What do we mean by kink?
Kink is largely defined by the relationship between what couples are into in bed as contrasted with what society considers “normal.” In other words, stuff that much of the world finds weird. We typically think of fetishes when we think of kink–foot fetishes or slapping–but also BDSM, role-playing or sex toys. However, kink can be much broader and is only limited by the people involved in the sexual encounter. Kink can be endlessly creative and fun.
What is the difference between kinky sex and unsafe sex?
For us, this is about two key questions: Is everyone affirmatively opting in? And is everyone having fun?
Affirmative consent means that choosing the particular sort of sexual activity (or agreeing to engage sexually at all) is something both partners have to explicitly agree to. Consent isn’t a formula. Couples need to define consent for themselves: does it need to be verbal or can it be a look or a gesture? Introducing some new forms of play into a sexual relationship may, at times, best be done outside of the bedroom.
Fun, Creativity and Kink In Your Sexual Relationship
We understand sex to be a form of play that grown-ups (and mature, consenting teenagers) engage in together. They can be strangers, friends or married couples. Because fun is baked into our understanding of sex, we believe it’s a helpful touchstone for sexual partners when looking at the question of whether a given sort of encounter or fetish is right for them.
Most couples–whether they think of themselves as particularly into kink or not–could benefit from more creativity in their sexual relationship. This doesn’t necessarily mean theatrical creativity, but perhaps the sort of thoughtful, playful co-exploration that happens in the producing of a piece of theater. There’s a script and yet, there are also endless iterations of how that script may be staged (including with script rewrites). Relatively square couples can learn a lot from kink even if some of its more risqué traditions aren’t their cup of tea.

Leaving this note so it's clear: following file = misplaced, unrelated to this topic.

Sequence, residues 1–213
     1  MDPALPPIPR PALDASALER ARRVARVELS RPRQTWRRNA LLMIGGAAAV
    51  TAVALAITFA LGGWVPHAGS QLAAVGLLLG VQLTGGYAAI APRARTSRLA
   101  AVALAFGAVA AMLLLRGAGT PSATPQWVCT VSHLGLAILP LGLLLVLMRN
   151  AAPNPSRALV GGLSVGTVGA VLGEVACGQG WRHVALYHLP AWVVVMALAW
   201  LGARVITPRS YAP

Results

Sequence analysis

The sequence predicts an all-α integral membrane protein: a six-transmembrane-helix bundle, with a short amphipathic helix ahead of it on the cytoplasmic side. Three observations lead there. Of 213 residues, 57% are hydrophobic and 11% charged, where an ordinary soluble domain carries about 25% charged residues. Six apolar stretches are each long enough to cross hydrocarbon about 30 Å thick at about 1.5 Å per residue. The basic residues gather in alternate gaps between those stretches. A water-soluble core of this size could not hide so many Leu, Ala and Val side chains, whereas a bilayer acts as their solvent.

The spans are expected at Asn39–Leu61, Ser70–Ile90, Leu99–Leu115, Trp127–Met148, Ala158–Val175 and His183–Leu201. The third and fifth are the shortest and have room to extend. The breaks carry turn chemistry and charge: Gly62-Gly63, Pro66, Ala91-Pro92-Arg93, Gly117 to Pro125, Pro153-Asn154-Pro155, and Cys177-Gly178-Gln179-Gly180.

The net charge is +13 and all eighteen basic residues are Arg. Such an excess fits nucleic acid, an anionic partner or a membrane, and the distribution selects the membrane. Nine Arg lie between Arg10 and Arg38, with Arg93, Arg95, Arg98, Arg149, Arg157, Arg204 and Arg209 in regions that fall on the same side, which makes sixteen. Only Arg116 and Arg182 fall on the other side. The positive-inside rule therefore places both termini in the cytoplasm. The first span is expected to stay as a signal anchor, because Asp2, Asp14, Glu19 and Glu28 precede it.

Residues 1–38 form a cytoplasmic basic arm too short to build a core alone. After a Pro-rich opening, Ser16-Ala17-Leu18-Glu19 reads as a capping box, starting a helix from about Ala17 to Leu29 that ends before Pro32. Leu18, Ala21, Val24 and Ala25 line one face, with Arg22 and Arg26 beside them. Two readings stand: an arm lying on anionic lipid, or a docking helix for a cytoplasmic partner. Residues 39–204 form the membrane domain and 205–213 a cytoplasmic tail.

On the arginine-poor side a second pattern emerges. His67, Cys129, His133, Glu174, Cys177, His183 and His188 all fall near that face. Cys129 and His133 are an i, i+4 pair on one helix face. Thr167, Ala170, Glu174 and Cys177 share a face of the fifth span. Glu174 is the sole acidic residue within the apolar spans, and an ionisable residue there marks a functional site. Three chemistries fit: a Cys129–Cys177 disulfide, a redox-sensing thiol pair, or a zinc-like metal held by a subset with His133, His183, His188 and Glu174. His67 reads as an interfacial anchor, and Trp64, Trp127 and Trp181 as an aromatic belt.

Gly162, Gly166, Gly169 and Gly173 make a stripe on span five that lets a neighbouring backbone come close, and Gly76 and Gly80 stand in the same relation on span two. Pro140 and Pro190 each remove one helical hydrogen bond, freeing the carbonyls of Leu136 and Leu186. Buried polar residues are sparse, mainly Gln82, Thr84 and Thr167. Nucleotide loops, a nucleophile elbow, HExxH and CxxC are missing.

In putting aside the norms of how sex plays out–relative to society or the habits of those in the relationship, all sorts of new things need to be negotiated. How can you be sure everyone is having a good time? How do we understand consent and agreement in ways that works with you? What if you go too far or hurt one another? What do you do with the fear that parts of your sexuality may be revealed to your partner (or to yourself, even) that may cause embarrassment?
Introducing kink (or expanding your sexual repertoire) necessitates that couples up their game around communication and work through their challenges in talking about sex. Everyone will need to be more assertive with their needs and limits, as well as more tuned in to what your partner is saying in this regard–all not so bad for the relationship writ large.
In couples therapy, we work hard not to make assumptions about the sort of kink one or both partners are into. We work to break down stigma and to support a couple’s right to decide for themselves what’s enjoyable. Often concern about stigma–a belief that a preference is weird–is an obstacle to enjoying kink.
But, What Goes On Around Sex Is Often Related To Other Issues
We believe that creating an environment in the therapy room to talk about sex requires as much care as creating the sexual relationship itself. By choosing to share your sex life with a therapist, couples reveal what is most often otherwise kept silent. Does sex or a particular kink feel safe? What’s needed to make it so? How can we be sure that both partners are okay talking about a given aspect of their sex life?
What goes on around sex (or what one partner would like to see go on around sex) is often related to issues other than sex. Looking at these connections can help couples have more fun together in bed while also providing insight into other aspects of the relationship where the couple may be stuck.